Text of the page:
“It’s just the quality of the language, the clarity of the storytelling, the sort of gaps in between the lines, where there’s so much to do as an actor to think about what a character is thinking and feeling and what you can do physically,” Knight added.

Knight said Shakespeare’s catalog is “a creative goldmine,” because there’s something for every type of story. “If you’re a director or an actor and you feel strongly about a certain story, you’ll almost assuredly find something that speaks to you.”

One of these ways is through costumes and visuals, which are another mode of expression in theatre, Damia added. She said the troupe likes to modernize costumes to make things interesting.  

“We do a lot of just in terms of visually updating things, like we did Much Ado About Nothing in the 1950s. We also did our last production, the History of King Richard the Second, dressed very modern,” Damia said. “There’s a lot of suit jackets that conveyed a bit of corporate or political energy there.”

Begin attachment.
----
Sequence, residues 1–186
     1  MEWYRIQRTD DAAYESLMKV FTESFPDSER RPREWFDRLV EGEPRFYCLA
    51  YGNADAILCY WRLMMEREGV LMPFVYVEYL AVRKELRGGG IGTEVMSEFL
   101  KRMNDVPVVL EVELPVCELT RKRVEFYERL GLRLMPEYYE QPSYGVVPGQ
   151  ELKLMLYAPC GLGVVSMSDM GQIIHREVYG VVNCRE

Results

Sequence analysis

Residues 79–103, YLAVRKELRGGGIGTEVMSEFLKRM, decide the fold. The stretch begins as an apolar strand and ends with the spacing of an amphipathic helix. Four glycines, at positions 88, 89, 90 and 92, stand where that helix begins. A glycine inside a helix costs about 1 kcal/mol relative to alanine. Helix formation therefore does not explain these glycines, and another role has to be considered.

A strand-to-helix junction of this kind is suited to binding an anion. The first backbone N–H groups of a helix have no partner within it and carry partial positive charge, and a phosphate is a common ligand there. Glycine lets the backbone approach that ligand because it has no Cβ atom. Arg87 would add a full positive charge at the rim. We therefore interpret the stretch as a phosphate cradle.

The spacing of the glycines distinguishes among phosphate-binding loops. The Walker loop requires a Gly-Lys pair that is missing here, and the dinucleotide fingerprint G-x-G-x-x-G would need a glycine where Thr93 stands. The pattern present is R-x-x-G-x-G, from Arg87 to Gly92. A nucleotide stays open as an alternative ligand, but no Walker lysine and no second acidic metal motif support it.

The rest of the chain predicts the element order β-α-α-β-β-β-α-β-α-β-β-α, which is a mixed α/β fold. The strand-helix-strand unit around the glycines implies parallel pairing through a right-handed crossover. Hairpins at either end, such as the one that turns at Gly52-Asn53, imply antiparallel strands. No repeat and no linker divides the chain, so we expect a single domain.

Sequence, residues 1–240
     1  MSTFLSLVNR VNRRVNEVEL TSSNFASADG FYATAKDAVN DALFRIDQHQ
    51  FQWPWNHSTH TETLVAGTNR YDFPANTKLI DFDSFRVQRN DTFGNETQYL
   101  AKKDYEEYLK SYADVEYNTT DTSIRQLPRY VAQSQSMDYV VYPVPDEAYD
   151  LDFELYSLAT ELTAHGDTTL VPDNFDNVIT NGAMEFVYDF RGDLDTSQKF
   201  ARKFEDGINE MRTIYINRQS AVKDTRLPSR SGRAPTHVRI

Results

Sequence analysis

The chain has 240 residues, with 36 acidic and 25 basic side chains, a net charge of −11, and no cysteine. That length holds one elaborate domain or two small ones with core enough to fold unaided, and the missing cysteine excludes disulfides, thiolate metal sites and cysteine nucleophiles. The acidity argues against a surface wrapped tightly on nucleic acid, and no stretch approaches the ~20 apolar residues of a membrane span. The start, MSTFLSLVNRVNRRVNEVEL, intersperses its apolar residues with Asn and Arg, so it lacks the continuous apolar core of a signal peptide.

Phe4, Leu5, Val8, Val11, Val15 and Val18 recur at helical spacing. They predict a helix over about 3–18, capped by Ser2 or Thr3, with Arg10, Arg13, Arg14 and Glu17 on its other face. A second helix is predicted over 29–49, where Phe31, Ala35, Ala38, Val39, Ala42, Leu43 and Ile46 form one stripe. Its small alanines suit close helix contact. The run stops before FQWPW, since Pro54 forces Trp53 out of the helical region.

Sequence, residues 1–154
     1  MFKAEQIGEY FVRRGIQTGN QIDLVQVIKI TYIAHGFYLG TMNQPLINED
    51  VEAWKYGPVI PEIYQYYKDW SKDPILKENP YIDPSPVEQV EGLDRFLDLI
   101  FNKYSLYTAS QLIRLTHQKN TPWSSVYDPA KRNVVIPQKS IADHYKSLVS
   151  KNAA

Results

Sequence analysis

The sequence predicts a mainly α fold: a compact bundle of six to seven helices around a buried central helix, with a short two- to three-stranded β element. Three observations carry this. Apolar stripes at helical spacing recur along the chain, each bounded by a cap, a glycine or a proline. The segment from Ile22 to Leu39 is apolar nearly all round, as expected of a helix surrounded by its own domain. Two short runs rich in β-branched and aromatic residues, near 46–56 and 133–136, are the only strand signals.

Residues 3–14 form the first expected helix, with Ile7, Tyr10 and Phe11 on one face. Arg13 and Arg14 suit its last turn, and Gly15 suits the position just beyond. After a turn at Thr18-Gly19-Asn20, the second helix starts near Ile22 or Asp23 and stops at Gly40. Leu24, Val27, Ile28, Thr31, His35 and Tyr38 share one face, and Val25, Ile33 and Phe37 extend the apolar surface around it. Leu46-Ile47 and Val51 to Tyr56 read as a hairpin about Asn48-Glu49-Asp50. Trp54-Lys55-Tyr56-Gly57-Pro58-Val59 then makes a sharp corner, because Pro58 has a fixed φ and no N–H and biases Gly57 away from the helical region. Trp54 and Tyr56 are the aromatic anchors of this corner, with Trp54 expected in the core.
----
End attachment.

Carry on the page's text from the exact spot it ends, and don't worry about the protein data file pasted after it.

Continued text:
Damia said that the extent the Rude Mechanicals modernize older plays goes beyond costume design.  According to Damia, the Rude Mechanicals have switched up the genders of the characters in their shows to illuminate current discussions about gender inequalities. 

Damia also added that the collaboration of the Rude Mechanicals is what makes the atmosphere of their shows so special. 

“The ability to perform in Shakespearean productions that are modernized, or specifically meant for modern audiences, allows for a lot of room to build characters and build in themes, whether or not they were placed there to begin with,” she said. 

Knight encouraged students to see Coriolanus, their upcoming spring production. Despite not being contemporary work, he said he believes that these specific types of stories need to be told. 

“Knowledge about humanity, and how people act, and how society composes itself, it’s evident that society really isn’t all that different from 500 years ago,” Knight added.